NATURE to save taxonomy!

Bill Shear wshear at EMAIL.HSC.EDU
Fri Jun 7 12:13:44 CDT 2002

On 6/7/02 11:52 AM, "John R. Grehan" <jrg13 at PSU.EDU> wrote:
> I find myself in complete agreement with the above sentiments. As a
> biogeographer I am continually frustrated by the time and effort required
> to scan current literature to find useful taxonomic and systematic works
> for biogeographic analysis. There has to be a lot of good stuff out there,
> but finding it is another matter. Even with electronic searches its a bit
> hit and miss. Ironically I have sometimes been able to find information on
> sources in the web more effectively than something like Biosis (Biological
> Abstracts). Taxonomists who are making the effort to post web pages on
> taxonomic groups should be congratulated. When I was writing the Galapagos
> paper I recall one of the most helpful of such sources was Platnick's world
> coverage of spider taxa and their distributions. Wonderful work! I think
> efforts such as these are currently more useful and effective at least for
> me) than all the fancy 'informatics' one hears about all the time in Nature
> and Science. In the 'old days' I was fortunate to be in a library where
> there was an extremely good coverage of journals and it was possible each
> month to simply scan the pages. Now I am at a typical library that is
> undergoing a policy of continual attrition that cannot be compensated by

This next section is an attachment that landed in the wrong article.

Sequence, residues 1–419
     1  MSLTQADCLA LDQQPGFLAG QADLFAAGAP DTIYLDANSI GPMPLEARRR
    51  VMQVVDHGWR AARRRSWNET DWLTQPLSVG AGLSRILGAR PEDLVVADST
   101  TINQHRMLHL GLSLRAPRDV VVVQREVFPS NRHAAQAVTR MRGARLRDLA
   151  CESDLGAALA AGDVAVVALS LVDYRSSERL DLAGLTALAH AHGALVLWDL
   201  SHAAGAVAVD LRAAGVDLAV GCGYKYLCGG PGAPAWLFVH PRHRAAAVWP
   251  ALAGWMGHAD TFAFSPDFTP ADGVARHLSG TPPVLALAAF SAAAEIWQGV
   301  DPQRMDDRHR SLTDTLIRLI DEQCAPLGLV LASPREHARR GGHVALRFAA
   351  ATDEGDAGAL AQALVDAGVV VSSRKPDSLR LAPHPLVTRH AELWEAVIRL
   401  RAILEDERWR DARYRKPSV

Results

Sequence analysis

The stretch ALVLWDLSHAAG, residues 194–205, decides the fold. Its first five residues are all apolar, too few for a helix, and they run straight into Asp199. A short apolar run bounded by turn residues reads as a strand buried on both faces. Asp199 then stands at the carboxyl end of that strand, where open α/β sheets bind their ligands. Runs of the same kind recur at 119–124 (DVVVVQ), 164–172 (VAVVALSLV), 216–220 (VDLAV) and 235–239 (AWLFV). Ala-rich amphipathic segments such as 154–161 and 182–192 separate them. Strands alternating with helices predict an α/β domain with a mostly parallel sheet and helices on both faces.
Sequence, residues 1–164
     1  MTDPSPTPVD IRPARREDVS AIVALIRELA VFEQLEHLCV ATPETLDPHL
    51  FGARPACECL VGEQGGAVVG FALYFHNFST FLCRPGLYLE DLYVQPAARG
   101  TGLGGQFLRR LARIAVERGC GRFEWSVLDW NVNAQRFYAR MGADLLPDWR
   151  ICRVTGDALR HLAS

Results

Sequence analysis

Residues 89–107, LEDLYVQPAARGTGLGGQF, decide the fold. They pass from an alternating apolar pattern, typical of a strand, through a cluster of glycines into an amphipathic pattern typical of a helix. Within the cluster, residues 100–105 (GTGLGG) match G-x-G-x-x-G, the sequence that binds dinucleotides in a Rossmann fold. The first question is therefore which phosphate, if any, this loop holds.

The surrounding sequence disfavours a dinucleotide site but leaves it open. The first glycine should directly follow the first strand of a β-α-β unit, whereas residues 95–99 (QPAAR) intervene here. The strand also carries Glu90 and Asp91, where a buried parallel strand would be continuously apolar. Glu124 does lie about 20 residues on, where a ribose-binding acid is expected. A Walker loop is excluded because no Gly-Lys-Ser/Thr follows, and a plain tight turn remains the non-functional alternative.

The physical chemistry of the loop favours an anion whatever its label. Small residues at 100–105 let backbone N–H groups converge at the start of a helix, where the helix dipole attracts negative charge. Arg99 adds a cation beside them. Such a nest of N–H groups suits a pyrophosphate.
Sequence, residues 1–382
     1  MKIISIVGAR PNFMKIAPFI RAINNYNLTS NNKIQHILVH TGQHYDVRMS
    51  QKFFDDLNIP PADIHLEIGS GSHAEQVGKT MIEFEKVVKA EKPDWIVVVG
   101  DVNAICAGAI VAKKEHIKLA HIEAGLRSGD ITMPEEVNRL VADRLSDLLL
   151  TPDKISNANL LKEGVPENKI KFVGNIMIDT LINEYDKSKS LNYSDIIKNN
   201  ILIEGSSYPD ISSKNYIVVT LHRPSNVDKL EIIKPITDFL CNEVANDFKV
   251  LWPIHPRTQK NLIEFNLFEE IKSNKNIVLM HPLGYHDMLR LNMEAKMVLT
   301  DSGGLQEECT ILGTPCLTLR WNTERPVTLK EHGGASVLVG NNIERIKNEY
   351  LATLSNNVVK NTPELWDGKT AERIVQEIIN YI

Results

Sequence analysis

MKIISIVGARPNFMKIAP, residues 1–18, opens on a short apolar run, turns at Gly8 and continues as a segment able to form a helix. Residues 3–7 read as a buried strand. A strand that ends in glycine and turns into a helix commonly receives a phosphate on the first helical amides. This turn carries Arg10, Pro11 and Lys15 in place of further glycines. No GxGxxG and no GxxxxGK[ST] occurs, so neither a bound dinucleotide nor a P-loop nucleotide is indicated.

> electronic searches. The latter are perfect for the specialist, but not for
> the generalist. It almost seems that in the modern information age' we are
> actually facing a form of information illiteracy.

It seems to me that what John is asking for is not access to original
taxonomic works, such as descriptions of species, genera or families, but
more material like Platnick's catalog, which was compiled by an authority
from the literature on this one group, which he knows so well.  This is a
NEW WORK, not old literature.  Such catalogs can only be compiled by the
specialists within taxa.  Useful as they may be to workers in biogeography
and other fields, catalogs are deadly boring to prepare, as well as being
time-consuming.  We owe a great debt to those who actually do this kind of

While there is limited support for such work (NSF's PEET program encourages
cataloging, especially if it is done electronically), it might be kind of
hard to get a grant just to do a catalog.  From a perusal of NSF grants
recently made, it would appear that the majority of funding in systematics
is going to approaches to microevolutionary problems using molecular
evidence, preferably on vertebrates.

Unfortunately, with the demise of expertise in many groups, the chances that
catalogs will be done in the future are diminishing.

Bill Shear

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